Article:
“Some people come into our lives and leave footprints on our hearts and we are never ever the same.” – Flavia Weedn
It was one of those moments.
Malik from Somalia introduced himself to me as he walked into the hall where we were getting ready for a healthy cooking class that evening. The students, organizing the local community event, were in full swing, but I had time to talk and so I sat down with Malik.
It was not a standard introduction like “Hi I’m John, and I am an accountant”. Instead his words left me overwhelmed: “My name is Malik. I am from Somalia and am a refugee on the move for the last 15 years.”
Yes, you read it correctly. 15 years!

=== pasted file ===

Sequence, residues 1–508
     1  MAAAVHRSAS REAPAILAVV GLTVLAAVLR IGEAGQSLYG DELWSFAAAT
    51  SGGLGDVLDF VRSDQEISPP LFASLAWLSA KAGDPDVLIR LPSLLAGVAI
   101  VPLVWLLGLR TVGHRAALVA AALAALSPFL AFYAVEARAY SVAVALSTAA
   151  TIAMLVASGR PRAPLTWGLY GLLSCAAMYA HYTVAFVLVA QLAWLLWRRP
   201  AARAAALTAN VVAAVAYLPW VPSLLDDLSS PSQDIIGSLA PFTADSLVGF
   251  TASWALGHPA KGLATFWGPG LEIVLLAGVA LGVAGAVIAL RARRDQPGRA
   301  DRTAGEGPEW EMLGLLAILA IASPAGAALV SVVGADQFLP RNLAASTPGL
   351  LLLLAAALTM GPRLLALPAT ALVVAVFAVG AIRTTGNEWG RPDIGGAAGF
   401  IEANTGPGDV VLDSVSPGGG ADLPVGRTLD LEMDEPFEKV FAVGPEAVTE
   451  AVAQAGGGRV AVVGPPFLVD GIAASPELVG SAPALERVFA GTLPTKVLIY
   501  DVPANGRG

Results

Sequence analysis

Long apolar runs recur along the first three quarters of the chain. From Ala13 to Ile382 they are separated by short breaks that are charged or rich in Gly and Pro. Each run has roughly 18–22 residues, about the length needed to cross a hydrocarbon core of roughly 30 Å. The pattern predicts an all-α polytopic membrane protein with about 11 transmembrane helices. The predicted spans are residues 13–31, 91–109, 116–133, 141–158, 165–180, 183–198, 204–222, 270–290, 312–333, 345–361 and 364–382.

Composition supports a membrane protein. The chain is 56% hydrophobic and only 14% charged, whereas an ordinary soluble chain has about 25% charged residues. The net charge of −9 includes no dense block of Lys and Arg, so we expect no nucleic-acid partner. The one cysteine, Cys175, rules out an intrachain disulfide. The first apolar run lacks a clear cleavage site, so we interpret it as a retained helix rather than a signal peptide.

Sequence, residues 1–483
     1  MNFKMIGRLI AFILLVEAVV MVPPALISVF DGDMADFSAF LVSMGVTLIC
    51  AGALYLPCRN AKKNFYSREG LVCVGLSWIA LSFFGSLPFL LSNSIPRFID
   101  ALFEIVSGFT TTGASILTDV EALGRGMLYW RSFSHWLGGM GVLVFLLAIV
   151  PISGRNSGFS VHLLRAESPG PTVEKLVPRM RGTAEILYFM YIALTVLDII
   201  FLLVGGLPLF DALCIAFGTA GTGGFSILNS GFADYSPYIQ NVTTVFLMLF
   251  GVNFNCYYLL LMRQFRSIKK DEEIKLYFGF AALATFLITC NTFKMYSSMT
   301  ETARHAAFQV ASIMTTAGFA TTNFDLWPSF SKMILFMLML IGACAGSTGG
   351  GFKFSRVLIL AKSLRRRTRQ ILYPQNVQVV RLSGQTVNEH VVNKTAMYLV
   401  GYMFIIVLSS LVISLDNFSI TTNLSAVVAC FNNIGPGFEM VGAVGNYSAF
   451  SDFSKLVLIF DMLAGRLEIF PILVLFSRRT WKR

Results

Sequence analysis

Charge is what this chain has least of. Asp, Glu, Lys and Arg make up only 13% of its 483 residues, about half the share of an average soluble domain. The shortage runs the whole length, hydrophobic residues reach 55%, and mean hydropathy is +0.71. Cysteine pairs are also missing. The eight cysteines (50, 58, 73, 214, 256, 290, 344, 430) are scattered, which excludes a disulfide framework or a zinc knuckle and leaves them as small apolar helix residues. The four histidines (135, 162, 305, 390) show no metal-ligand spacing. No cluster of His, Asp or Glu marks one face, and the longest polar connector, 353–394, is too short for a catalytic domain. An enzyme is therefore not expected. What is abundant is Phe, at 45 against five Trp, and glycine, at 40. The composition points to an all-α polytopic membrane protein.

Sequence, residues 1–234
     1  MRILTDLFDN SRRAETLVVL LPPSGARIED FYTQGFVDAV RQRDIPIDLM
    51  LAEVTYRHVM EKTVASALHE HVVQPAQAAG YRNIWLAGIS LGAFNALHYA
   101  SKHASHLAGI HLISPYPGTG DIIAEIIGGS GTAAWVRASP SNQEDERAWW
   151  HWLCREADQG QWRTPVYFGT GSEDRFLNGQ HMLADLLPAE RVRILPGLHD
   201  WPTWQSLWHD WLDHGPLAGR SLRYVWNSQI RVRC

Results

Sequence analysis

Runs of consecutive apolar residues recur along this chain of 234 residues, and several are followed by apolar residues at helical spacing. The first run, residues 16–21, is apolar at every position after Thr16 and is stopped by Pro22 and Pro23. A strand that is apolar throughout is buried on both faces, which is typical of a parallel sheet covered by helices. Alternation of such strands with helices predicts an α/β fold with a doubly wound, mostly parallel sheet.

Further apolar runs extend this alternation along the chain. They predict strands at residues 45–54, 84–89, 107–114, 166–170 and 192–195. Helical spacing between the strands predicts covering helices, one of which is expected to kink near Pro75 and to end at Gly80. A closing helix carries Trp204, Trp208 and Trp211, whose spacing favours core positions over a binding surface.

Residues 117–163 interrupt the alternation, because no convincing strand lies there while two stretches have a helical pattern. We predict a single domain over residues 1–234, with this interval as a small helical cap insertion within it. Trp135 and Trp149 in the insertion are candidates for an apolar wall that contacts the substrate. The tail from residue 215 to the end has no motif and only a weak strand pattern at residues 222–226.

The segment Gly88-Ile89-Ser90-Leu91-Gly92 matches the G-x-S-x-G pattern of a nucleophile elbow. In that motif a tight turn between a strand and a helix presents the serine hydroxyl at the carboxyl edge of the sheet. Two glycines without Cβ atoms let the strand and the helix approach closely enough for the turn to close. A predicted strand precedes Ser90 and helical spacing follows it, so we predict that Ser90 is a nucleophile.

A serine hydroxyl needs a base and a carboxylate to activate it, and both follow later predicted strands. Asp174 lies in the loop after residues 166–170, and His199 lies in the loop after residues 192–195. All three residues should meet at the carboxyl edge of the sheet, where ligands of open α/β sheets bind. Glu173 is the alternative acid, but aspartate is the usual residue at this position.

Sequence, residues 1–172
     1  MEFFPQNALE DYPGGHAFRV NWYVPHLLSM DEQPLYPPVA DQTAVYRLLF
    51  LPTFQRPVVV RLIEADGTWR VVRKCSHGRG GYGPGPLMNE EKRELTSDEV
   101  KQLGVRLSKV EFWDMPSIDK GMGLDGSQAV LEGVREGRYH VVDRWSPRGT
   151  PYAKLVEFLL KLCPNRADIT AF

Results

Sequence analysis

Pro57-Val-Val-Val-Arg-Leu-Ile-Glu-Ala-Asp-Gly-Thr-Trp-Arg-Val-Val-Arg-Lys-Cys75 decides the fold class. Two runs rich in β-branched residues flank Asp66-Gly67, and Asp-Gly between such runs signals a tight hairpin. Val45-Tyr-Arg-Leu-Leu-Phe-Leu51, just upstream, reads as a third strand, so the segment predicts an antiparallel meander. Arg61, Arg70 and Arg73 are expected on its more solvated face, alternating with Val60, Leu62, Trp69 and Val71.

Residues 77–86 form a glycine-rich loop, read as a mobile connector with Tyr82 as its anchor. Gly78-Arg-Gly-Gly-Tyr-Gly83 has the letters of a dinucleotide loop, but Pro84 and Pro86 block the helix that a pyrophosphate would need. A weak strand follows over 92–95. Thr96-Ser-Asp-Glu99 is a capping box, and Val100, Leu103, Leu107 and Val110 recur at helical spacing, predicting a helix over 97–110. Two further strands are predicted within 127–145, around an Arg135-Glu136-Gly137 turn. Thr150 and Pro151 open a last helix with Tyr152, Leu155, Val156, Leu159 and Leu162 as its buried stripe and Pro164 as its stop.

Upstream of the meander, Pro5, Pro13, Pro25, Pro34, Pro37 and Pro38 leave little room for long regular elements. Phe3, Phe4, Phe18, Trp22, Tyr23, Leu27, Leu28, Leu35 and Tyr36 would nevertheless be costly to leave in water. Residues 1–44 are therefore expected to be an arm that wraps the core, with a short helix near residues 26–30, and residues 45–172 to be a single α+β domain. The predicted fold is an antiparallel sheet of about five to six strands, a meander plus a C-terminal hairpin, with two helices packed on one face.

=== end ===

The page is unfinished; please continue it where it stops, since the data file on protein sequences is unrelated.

Malik was a few years younger than me, in his late twenties. He had left Somalia with his father at a young age, due to the ongoing tensions and instability of the country. They fled to the neighboring country only to be rejected and sent to a refugee camp, where guerilla soldiers would come and recruit children to fight for them. Malik decided to flee and started a journey that he never knew would span the next 15 years of his life, eventually bringing him to Germany. As the evening went by, the story unfolded. From Somalia he had fled to Yemen, travelling through the desert of Saudi Arabia on a cattle train, he made his way to Syria. From Syria he made his way through Turkey and eventually crossed the Aegean sea with a group of people, like him, searching for a better future. Not everyone found it. The boat sank and a number of people died. The Greece coast guard eventually pulled Malik out of the water.